White Matter Changes with Normal Aging

Charles R.G. Guttmann1, MD, Ferenc A. Jolesz1, MD, Ron Kikinis1, MD, Ron J. Killiany3, PhD, Mark B. Moss3, PhD, Tamas Sandor1, PhD, Marilyn S. Albert2, PhD

1 Department of Radiology, Brigham & Women's Hospital
2 Departments of Psychiatry and Neurology, Massachusetts General Hospital, Harvard Medical School
3 Departments of Anatomy and Neurobiology, and Neurology, Boston University School of Medicine

Corresponding author:
Dr. Marilyn S. Albert
Massachusetts General Hospital
Psychiatry/Gerontology (149-9124)
Bldg 149, 13th Street
Charlestown, MA 02129
Phone: 617/726-5571 FAX: 617/726-5760

Keywords: Aging - Brain, White Matter - Brain, Volumes - Magnetic Resonance Imaging - Image Processing

Materials and Methods
Figure Legends


We evaluated brain tissue compartments in seventy-two healthy volunteers between the ages of 18 and 81 years with quantitative MRI. The intracranial fraction of white matter was significantly lower in the age categories above 59 years. The CSF fraction increased significantly with age, consistent with previous reports. The intracranial percentage of gray matter decreased somewhat with age, but there was no significant difference between the youngest subjects and the subjects above 59. A covariance adjustment for the volume of hyperintensities did not alter the foregoing results. The intracranial percentage of white matter volume was strongly correlated with the percentage volume of CSF. The finding of a highly significant decrease with age in white matter, in the absence of a substantial decrease in gray matter, is consistent with recent neuropathological reports in humans and non-human primates.


There is convincing data from magnetic resonance imaging (MRI) that overall brain volume decreases with advancing age, as reflected in a relative increase in intracranial fluid compartments on MRI images [1-10]. Several MRI-based studies of age-related volumetric changes in the gray and white matter of healthy volunteers have been reported [1-8]. Some of these studies detected changes in gray matter structures but did not observe or report significant changes in the white matter [3-6]. Other studies demonstrated white matter changes but were not able to demonstrate a link between these changes and overall loss of brain parenchyma (atrophy) [1,2,7,8].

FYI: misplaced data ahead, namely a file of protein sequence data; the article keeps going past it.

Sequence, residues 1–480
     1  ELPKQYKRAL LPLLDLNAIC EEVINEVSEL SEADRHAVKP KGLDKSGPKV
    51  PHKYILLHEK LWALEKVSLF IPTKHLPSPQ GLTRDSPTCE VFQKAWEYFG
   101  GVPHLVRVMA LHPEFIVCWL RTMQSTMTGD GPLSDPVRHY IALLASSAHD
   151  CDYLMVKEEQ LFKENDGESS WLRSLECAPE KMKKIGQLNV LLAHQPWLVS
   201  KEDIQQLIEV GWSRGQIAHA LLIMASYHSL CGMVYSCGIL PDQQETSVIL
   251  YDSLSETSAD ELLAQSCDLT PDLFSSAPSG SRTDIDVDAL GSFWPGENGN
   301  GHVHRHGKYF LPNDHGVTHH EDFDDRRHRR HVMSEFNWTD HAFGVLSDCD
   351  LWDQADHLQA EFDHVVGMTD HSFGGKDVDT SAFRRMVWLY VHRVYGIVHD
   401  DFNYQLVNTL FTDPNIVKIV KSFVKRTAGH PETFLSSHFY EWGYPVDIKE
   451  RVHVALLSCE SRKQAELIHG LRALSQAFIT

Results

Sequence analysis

Increasing histopathologic evidence suggests that cellular changes in the cortex are far less extensive than previously assumed [11]. Localizing brain changes to specific tissues or structures is important for understanding the underlying pathogenesis of damage and the pathophysiologic consequences. MRI provides localized measurements, however these measurements are difficult to quantify reliably, because of high variability of the MR scanners' variation of the gain field over the volume of interest due to radiofrequency inhomogeneity and their instability over time, as well as the limitations of image processing strategies in accounting for these confounding factors. To address these issues, we have developed a fully automatic algorithm to segment the contents of the intracranial cavity (ICC) into tissue classes, which is a valid and reproducible method for quantifying volumes of white matter, gray matter, CSF, and hyperintensities [12-13].

We have applied this method to 72 healthy individuals to characterize the distribution of tissue classes as a function of age, based on high resolution multislice images that covered the entire brain without gaps. We demonstrate significant loss of white matter with normal aging and show a strong correlation between the volume of white matter and the volume of CSF, a measure of overall brain atrophy.

Materials and Methods


Seventy two subjects participated in the study as part of a large study of normal aging [9]. There were 22 men and 50 women. The number of subjects per age group was as follows: 18-39 = 10 (4 women, 6 men), 40-49 = 9 (7 women, 2 men), 50- 59 = 8 (4 women, 4 men), 60-69 = 23 (16 women, 7 men), >69 = 22 (19 women, 3 men).
Subjects with a history of alcoholism, psychiatric illness, epilepsy, chronic lung disease, hypertension, heart disease, kidney disease, cancer or severe head trauma were excluded from the study. In addition, the subjects received a series of laboratory tests to rule out serious systemic illness. They had also been administered neuropsychological testing to eliminate the inclusion of persons with cognitive symptoms of a dementing illness in the early stages (e.g., the Wechler Memory Scale, the Wechsler Adult Intelligence Scale, etc). All subjects provided informed consent consistent with the institutional IRB regulations.